A hybrid policy called Extended CONWIP Kanban control policy (ECK), which has two parameters per stage, number of kanban and basestock level, and one extra control parameter for the entire system, number of CONWIP. In this system those two roles mentioned are fully decoupled as in the Extended Kanban policy. One could have a low basestock of finished parts to keep low inventories in a normal demand context and a fairly large number of kanbans and CONWIP to quickly respond to surges in demand. Moreover, in the ECK control system, demands are transmitted to all stages

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Extended CONWIP Kanban System

immediately upon their arrival to the system as is the case in the Base Stock and Extended Kanban control systems, so that the demand information has never been blocked.

An important characteristic of the ECK control system is that it introduces CONWIP control parameter for the entire system. There are three reasons behind this introduction of an additional parameter. First, the CONWIP control imposes a stronger WIP control than Kanban control. The main effect of this property is in failure recovery. If a machine fails in a line, the material downstream of it will eventually be removed from the system by the demands. These demands also cause the release of new parts into the system. If the machine stays down long enough, without the CONWIP control, machines upstream of the failure machine will keep producing and accumulate parts in the system until all of the upstream kanban limits is reached which may result in excessive amount of WIP. On the other hand, with CONWIP control mechanism the total number of parts in front of a failure machine is strictly limited to the amount of CONWIP which is generally lower than the total number of kanbans.

Second, imposing CONWIP mechanism results in lower inventory level for the case where processing times at each stage are correlated which may be found in many practical cases. With CONWIP mechanism, the queue lengths at each manufacturing stage are negatively correlated as in a closed queueing network, while the queue lengths at each manufacturing stage in Kanban, Base Stock or Extended Kanban controls are uncorrelated.

Lastly, this parameter simplifies the parameter determination process because the production capacity of the system largely depends on only one parameter, This property becomes very useful when designing system parameters and adaptive control mechanism for a large system. If the demand change is severe, the intermediate kanbans and basestock levels may need to be adjusted, but the consequences of maladjustments are small. For example, if the numbers of kanbans in all stages are allowed to be infinite and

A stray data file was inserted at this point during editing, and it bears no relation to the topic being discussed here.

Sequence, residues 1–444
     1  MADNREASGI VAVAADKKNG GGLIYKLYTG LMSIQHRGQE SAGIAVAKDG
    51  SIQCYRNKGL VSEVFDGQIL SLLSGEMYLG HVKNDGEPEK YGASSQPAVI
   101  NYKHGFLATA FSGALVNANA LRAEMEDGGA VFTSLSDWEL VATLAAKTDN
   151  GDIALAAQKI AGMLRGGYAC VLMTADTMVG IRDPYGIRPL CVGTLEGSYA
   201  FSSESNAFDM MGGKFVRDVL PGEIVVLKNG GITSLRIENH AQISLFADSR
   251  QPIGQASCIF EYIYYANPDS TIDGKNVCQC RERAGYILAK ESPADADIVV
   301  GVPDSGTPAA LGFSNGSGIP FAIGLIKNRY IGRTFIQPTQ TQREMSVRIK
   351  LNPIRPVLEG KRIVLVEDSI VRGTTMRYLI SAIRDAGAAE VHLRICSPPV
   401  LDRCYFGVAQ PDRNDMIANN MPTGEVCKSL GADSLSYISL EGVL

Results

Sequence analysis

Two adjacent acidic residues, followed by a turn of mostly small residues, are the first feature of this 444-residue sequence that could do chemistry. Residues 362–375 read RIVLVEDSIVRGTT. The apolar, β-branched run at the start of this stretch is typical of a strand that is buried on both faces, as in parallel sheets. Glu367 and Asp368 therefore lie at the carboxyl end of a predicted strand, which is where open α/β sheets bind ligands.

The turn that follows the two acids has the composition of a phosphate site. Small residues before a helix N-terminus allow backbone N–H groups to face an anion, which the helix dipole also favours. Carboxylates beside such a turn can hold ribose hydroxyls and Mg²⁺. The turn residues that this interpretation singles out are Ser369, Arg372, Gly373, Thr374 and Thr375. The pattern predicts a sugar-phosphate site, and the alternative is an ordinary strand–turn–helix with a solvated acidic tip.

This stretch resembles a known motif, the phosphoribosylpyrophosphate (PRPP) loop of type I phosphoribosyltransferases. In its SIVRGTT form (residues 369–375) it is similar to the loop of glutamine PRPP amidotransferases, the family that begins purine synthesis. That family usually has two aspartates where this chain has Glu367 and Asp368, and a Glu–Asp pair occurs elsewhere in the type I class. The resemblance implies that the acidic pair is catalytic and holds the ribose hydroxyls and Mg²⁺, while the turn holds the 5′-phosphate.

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Extended CONWIP Kanban System

the intermediate basestock levels are zero, the resulting control policy is CONWIP, which performs fairly well.

While installing a new production control can be done easily, implementing it requires fundamental changes in production from existing control to bring it in line with the justin-time philosophy, and this is far from being easy. The ECK policy we studied can be implemented as a straightforward step-by-step modification to an existing kanban policy. The production manager can decide to either add a CONWIP loop from the last manufacturing stage to the first stage if he concerns more about WIP limiting or implement global demand information flow if he concerns more about demand blockage or separating the two roles of kanban. The first option results in a CONWIP-Kanban control, while the second option results in an Extended Kanban control. Both have been shown to be superior to Kanban, CONWIP or Base Stock control alone. The next step of modification is to implement the last control mechanism which then results in a full ECK control system. In the same way, it can also be implemented as a modification of a CONWIP or Base Stock system.

The ECK control system offers an opportunity to significantly improve the performance of pull production control systems. Some preliminary investigations about the improvement in performance (i.e. a reduction in WIP amount at the same customer service level) of the ECK control system compared with other existing control systems indeed confirmed this belief. Robustness is another key issue that also brings out the advantage of the ECK control system. It is a known fact that in a real production environment, the only constant is change. It is therefore very important for any production management policy to be robust to these changes and be able to adapt accordingly.

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Extended CONWIP Kanban System

10.2) System Characteristics

The card control queues and flow of demand information including contents and initial values of each queue in Extended-CONWIP-Kanban Control System. Figure 9.2.1 depicts the queueing network model of an ECK system having N stages in series. The contents and initial values of each queue (or network of queues) are shown in Table 9.2.1 .